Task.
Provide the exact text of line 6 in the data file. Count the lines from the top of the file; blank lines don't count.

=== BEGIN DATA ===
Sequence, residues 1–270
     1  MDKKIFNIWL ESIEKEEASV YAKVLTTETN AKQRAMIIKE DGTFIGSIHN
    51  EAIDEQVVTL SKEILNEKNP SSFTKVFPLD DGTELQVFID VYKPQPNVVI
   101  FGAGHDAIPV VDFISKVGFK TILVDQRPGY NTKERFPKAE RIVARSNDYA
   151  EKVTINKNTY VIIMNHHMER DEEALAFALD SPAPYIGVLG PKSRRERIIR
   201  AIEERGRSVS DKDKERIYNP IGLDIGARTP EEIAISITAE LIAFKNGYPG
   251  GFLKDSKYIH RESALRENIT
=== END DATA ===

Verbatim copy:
   201  AIEERGRSVS DKDKERIYNP IGLDIGARTP EEIAISITAE LIAFKNGYPG